Ethics Committee for some time, I do not think they have the expertise
to deal with some of the scientific issues that relate to whether
the procedures we are dealing with are legal.
Q1156 Chairman: Do you have confidence
that the HFEA comes to an informed judgment on that basis? You
have been singing their praises, international stars and so on.
Can they make that judgment best in this country in terms of licensing
and taking the scientific evidence?
Professor Murdoch: Which judgment?
Whether there should be a licence or not?
Q1157 Chairman: Yes as an example.
Do you have great confidence in them being able to assimilate
all this data and make a judgment? Are they the organisation to
Professor Murdoch: There has to
be an act of Parliament that regulates to a certain extent what
we do and therefore there will have to be an authority that implements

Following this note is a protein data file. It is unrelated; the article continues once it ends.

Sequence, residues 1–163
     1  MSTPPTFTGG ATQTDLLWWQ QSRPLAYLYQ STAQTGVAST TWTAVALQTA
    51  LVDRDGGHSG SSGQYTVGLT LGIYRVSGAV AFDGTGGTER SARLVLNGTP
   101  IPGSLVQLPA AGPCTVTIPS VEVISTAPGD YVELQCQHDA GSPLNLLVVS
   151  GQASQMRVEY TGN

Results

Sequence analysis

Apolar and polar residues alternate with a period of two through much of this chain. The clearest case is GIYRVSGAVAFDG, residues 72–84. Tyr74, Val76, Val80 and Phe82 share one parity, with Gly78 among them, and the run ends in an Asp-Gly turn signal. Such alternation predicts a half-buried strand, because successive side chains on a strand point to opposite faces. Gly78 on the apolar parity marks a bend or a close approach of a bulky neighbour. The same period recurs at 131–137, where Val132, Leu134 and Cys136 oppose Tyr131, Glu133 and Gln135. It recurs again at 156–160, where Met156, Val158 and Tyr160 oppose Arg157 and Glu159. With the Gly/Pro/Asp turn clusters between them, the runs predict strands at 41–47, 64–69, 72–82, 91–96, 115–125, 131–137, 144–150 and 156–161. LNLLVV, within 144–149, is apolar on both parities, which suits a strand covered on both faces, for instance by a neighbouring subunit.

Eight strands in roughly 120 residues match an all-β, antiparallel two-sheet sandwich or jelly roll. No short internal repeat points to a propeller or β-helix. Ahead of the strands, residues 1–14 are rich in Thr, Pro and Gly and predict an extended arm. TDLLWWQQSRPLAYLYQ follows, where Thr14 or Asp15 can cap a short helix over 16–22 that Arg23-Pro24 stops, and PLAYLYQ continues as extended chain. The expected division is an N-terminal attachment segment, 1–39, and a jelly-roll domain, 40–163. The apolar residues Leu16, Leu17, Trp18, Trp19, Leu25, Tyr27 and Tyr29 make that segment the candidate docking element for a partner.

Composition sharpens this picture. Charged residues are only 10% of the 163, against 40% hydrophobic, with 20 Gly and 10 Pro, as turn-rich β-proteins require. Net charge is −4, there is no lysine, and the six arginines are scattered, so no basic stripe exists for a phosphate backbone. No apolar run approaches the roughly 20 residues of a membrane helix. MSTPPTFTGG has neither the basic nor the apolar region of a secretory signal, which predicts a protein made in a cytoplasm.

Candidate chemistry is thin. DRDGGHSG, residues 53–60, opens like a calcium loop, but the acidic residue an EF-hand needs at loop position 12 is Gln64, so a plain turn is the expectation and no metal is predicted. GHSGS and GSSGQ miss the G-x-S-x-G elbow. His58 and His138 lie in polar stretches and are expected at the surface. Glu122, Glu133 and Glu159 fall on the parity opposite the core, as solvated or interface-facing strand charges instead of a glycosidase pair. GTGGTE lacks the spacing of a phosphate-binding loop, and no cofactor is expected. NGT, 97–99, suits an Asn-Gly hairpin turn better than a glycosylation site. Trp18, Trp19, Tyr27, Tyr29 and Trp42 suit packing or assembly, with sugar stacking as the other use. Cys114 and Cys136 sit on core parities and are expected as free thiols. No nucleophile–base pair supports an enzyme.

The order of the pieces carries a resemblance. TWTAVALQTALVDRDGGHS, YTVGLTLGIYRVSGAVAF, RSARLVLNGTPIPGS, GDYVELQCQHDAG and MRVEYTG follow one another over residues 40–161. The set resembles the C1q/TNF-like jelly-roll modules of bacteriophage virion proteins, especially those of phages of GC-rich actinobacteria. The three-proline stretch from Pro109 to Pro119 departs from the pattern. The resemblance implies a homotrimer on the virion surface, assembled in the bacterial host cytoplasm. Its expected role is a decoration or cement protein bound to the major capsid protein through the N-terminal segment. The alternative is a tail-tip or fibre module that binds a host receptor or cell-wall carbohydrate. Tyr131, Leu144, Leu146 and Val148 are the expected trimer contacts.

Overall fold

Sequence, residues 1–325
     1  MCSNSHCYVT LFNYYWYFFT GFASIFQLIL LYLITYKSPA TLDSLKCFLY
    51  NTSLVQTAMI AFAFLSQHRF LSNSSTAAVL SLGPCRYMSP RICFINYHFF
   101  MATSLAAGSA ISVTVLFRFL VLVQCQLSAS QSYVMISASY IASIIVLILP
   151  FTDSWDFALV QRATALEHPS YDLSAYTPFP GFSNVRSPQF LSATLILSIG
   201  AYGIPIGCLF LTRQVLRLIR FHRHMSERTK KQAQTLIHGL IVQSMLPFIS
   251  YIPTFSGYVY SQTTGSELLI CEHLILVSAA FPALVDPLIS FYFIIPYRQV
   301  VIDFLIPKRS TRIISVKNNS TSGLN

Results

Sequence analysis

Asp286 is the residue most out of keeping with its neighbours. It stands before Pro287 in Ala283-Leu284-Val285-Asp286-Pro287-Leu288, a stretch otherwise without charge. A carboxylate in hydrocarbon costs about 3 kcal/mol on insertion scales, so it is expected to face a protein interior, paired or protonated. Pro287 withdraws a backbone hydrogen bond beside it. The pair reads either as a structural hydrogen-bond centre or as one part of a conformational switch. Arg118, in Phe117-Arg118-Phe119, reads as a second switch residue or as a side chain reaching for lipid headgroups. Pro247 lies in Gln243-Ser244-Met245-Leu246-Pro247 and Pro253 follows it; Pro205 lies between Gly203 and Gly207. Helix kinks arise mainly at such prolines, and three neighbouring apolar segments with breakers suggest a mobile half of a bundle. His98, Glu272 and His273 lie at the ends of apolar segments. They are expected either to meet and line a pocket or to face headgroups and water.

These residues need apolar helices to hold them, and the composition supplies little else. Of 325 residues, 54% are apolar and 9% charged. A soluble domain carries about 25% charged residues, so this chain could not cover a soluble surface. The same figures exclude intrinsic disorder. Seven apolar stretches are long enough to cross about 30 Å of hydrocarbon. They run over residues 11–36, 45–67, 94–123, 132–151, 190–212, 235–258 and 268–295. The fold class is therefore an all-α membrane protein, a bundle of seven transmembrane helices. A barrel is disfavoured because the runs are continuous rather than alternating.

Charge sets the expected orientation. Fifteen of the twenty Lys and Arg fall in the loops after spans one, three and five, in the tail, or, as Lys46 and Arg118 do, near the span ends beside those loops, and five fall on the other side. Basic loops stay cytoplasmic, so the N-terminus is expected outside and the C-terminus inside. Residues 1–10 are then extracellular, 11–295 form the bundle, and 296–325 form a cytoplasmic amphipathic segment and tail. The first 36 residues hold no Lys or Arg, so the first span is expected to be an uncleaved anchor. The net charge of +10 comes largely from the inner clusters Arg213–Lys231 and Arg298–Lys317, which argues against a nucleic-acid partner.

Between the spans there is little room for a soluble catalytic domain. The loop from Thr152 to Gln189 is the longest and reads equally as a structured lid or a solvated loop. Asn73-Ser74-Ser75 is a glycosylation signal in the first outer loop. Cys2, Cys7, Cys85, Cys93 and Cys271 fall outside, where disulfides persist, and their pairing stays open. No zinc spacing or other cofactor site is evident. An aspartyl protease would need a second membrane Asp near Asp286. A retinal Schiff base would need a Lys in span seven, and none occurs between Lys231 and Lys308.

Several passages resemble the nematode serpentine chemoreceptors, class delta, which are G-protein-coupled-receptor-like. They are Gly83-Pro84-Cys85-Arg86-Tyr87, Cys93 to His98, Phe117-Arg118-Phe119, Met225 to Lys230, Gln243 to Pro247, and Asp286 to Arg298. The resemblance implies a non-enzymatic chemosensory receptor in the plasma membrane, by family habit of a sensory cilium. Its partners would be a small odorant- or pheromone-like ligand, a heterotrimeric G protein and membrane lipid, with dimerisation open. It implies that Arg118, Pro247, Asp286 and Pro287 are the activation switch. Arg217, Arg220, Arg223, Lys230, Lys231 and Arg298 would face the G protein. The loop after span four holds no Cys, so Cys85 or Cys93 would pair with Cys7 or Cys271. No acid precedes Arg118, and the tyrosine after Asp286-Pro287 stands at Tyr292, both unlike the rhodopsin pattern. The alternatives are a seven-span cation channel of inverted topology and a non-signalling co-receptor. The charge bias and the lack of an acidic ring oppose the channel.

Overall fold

that Act. I do have some concerns about the process that the HFEA
goes through at the present time. I would not sing its praises
100%. There are lots of things that could be improved. I think
it is slow. It is over-bureaucratic because it is necessary to
do that because of the legal requirements it has to fulfil in
its due process. The procedures for inspection and for reports
are a negative influence in terms of research. The particular
research with stem cells is only one form of research. If you
are talking about research relating to basic ART techniques, I
think that regulation is very disinhibitory to basic research
that goes on in the laboratory and could be improved. I would
not want to say that the HFEA is perfect by any means. There are
lots of things that could be improved.
Q1158 Chairman: Would you concur
with that, Robin? Yes or no?
Dr Lovell-Badge: Yes.
Chairman: Thank you very much indeed.
I am sorry to bring it to an end but thank you very much for coming,
it has been very helpful. I know that it is a tortuous process
for you but thank you very much for answering our questions enthusiastically
and, I think, accurately. Thank you very much.